In Massachusetts v. EPA, 547 U.S. 497 (2007), the
Supreme Court ruled that greenhouse gases ("GHG") were
"pollutants" under the Clean Air Act
("CAA"). The Court directed the Environmental
Protection Agency ("EPA") to decide whether GHG emissions
could "reasonably be anticipated to endanger public health and
welfare" so as to trigger an obligation under the CAA to set
motor vehicle emission standards for them.
In response, the EPA (1) found that such
"endangerment" exists; (2) set motor vehicle emissions
standards for GHGs; (3) reaffirmed its long-standing position that
when a pollutant becomes regulated under the CAA, new and modified
sources of that pollutant must get a "new source review"
("NSR") permit before construction starts; and (4)
dramatically raised by regulation the statutorily mandated emission
thresholds at which NSR applies, arguing that without this
adjustment NSR permitting for GHGs would produce a vast workload
increase that would be unrealistically expensive and
On June 26, 2012, in the case of Coalition for Responsible
Regulation v. EPA, the U.S. Court of Appeals for the D.C.
Circuit, which hears most CAA cases, upheld the EPA in all
respects. The court found that (1) the EPA's
"endangerment" finding was fully supported by the record;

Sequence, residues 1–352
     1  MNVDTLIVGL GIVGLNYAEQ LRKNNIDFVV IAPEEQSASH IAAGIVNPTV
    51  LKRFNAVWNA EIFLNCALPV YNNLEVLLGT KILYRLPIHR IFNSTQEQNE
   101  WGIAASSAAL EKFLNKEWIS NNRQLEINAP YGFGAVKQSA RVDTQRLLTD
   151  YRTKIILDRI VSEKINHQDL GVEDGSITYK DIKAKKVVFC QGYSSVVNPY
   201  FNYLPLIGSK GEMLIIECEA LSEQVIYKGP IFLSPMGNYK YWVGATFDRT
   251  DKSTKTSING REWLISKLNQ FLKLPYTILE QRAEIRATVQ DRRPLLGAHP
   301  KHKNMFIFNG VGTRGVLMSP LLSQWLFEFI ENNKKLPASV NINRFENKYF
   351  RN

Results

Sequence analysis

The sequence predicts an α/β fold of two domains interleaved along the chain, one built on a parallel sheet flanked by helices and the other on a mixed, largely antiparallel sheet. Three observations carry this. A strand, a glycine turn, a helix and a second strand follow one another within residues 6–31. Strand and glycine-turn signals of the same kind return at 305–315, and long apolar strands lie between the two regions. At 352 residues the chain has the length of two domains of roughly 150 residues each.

(2) the motor vehicle emissions standards were within the EPA's
authority; (3) the EPA's legal position on NSR applicability
was "unambiguously correct," rejecting several
alternative interpretations put forward by industry; and (4) no
litigants had standing to challenge the EPA's upward adjustment
of the NSR thresholds, since this adjustment did not harm any of
The importance of this decision lies in its complete and
strongly worded endorsement of the EPA's approach to this very
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On September 30, 2014, the United States District Court for the District of Arizona (Campbell, D.J.) issued an order in Yount v. Salazar, Nos. 11-8171 et al., 2014 WL 4904423 (D. Ariz. Sept. 30, 2014). As part of this order, the court determined that certain business plaintiffs’ alleged injuries did not fall within the "zone of interests" of the National Environmental Policy Act ("NEPA"), drawing in part on a recent Supreme Court opinion clarifying the zone-of-interests doctrine.